"Although there is a continued focus on digital marketing for a successful campaign, email is still the No. 1 tool to engage and convert crowdfunding supporters.
"Therefore, gathering the email addresses of potential supporters before your campaign and promoting your campaign through promotion via organisations with large email lists of your target audience, can be instrumental in bringing in those early pledges."
How can crowdfunding benefit existing businesses?
“People often assume crowdfunding only benefits new businesses. Remember that it doesn’t always have to be a startup that uses crowdfunding -- it can be a new product line that a more established business wants to test out with their target market.”
"Two examples we have seen at Next Chapter are Basics for Basics by Kayla Wong, where Kayla used crowdfunding to relaunch her clothing label, including announcing a key partnership with the charity, Hands On Hong Kong."
"In addition, we had existing Hong Kong business Knots & Strokes launch a campaign around products made by their female artisans in Sri Lanka. The purpose was to sell their products and use part of the proceeds to build a new work space for the artisans."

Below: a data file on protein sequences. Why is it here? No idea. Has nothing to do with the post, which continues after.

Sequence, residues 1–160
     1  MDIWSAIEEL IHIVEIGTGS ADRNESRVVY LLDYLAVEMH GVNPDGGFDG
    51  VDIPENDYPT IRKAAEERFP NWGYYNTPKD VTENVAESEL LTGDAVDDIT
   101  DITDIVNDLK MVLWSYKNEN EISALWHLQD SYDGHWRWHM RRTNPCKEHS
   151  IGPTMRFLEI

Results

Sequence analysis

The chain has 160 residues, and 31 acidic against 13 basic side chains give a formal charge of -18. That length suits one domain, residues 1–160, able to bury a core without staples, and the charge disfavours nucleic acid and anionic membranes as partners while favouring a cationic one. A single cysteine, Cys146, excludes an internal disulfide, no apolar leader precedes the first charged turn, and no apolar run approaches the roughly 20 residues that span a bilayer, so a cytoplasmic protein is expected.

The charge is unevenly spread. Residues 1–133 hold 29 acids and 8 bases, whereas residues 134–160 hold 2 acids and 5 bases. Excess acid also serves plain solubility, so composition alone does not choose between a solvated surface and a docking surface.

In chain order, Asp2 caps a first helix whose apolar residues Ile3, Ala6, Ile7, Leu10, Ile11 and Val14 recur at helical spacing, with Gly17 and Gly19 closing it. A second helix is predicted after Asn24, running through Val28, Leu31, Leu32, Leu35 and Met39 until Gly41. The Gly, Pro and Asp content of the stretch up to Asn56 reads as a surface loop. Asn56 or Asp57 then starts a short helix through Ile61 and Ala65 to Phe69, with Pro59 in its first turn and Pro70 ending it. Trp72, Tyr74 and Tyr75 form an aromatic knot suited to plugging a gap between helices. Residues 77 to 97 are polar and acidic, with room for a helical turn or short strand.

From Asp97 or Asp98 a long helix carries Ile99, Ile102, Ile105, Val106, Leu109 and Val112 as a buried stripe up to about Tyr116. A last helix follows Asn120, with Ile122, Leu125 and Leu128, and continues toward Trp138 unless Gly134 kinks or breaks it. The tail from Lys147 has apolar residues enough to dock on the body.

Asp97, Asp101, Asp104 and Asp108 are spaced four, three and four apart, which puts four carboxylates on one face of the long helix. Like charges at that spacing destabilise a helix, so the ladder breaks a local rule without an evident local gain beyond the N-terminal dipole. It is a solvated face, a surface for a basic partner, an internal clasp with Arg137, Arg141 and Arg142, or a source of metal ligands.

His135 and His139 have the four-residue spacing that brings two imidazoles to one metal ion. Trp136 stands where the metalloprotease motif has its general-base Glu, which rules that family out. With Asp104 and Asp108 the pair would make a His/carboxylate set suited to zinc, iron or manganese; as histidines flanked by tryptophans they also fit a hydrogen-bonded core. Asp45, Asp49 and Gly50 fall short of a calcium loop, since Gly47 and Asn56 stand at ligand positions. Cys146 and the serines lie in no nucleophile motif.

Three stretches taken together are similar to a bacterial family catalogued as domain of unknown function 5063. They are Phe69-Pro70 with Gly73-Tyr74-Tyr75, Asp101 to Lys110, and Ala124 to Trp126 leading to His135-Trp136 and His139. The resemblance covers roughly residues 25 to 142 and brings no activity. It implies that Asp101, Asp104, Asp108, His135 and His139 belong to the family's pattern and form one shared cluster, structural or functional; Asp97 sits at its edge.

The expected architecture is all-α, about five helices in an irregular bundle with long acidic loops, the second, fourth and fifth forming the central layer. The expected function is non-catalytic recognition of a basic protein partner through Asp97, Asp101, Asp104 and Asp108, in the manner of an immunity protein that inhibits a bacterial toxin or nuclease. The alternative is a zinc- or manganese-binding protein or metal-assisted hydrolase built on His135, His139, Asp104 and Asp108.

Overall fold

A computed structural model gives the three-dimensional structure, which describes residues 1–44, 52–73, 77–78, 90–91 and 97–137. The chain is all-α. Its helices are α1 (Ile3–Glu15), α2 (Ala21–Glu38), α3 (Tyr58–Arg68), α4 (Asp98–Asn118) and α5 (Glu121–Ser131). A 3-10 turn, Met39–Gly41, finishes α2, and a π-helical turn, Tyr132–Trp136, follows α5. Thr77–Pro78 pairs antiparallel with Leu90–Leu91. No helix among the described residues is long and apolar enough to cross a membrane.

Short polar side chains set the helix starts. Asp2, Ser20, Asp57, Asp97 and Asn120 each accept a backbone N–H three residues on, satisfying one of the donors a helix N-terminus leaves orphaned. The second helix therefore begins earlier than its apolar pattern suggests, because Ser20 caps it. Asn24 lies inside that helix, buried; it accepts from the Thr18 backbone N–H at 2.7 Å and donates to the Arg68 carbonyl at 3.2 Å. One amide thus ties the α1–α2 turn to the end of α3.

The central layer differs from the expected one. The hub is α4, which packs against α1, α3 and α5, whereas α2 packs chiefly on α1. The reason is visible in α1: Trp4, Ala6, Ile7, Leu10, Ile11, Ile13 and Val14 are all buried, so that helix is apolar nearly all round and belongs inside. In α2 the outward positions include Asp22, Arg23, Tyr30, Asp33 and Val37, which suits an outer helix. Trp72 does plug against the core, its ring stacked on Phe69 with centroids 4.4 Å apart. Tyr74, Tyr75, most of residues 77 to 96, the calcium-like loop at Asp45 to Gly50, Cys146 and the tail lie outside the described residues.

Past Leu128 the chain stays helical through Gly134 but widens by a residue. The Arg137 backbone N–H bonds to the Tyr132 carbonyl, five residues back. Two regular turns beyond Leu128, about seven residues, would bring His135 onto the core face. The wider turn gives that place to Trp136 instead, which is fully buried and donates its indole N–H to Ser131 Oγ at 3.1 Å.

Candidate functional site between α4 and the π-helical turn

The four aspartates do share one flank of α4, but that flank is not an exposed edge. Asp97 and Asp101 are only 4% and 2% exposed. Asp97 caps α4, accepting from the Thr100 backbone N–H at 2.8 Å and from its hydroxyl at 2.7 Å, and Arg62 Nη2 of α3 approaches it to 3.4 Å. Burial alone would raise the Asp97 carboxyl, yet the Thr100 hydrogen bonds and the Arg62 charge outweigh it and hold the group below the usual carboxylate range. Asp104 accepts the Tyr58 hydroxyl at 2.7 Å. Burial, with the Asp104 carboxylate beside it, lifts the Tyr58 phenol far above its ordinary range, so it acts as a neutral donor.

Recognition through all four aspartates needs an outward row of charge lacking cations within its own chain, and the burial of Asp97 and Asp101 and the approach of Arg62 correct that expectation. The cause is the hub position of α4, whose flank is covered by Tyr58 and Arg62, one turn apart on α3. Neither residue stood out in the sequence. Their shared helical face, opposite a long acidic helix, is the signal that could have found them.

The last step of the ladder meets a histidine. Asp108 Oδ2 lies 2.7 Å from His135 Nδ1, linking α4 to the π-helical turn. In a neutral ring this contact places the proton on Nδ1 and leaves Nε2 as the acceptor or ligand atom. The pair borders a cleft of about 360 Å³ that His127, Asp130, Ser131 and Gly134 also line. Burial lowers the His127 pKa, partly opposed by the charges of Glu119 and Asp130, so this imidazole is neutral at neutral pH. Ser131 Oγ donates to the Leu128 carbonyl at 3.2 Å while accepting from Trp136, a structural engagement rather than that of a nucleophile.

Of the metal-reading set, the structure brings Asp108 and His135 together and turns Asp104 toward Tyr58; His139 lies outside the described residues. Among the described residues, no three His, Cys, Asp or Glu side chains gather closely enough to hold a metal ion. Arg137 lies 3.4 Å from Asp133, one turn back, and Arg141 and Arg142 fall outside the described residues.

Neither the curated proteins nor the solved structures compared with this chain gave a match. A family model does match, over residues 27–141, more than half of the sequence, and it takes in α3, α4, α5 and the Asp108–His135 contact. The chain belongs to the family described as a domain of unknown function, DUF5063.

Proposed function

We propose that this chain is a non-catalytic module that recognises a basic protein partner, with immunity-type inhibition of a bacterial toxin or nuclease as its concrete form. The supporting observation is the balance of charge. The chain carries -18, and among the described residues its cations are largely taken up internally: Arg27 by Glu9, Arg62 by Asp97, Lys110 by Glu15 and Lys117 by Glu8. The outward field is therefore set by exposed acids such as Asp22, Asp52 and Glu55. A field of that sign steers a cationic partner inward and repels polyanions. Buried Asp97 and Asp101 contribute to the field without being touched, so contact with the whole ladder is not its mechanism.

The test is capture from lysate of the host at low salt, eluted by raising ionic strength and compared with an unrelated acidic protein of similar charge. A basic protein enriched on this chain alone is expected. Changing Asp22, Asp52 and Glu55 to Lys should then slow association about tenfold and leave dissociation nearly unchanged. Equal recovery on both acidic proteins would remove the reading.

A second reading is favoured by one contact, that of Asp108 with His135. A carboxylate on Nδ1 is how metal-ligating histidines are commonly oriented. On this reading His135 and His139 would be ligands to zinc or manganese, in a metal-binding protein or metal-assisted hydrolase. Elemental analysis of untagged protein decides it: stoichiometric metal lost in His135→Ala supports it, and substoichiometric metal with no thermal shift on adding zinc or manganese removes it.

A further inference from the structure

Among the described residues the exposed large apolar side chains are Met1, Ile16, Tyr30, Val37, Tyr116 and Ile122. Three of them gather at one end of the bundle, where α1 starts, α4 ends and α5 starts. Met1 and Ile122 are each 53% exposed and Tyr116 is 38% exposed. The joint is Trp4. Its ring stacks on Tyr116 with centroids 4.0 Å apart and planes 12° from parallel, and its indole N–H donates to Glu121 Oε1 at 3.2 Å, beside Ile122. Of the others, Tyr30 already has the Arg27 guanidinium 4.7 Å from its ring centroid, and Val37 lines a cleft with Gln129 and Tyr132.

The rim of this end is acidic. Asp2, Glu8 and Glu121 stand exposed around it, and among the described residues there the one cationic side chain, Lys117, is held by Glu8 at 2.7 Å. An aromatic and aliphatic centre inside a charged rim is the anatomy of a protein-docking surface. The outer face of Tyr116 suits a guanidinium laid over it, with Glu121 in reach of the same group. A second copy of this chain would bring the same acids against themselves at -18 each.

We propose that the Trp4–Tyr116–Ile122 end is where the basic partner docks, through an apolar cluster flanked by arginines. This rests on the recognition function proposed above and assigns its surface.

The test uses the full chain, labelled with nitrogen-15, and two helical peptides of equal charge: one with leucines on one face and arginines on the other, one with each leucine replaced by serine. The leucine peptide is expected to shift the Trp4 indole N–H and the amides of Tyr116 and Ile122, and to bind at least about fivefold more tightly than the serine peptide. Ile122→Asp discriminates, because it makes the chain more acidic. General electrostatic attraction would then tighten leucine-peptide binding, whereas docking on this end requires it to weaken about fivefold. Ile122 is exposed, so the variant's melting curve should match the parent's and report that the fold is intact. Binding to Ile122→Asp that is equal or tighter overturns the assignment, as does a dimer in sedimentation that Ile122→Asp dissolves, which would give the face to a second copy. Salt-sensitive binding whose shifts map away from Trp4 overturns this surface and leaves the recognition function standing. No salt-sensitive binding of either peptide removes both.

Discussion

What’s the key to a successful crowdfunding campaign?
“There have been quite a few successful campaigns that have raised over US$1 million, but there is a general misconception that if you launch a crowdfunding campaign, you will automatically be successfully funded."
"The reality is that crowdfunding requires extensive planning before the campaign launches and doing a lot of marketing hustle to get your campaign out to your targeted audience.”
How does Next Chapter help with all this?
“At Next Chapter, we focus on getting you prepared for your campaign and giving you tools for success through coaching and a detailed work manual."
"This all helps you in setting up your digital marketing, testing and validating your product or service with your target customers and getting early adopters to support your campaign and become your ambassadors.”
To help female founders understand and leverage crowdfunding, Next Chapter offers free one-to-one crowdfunding consultations, crowdfunding training sessions and events with female funders who have successful crowdfunding campaigns.’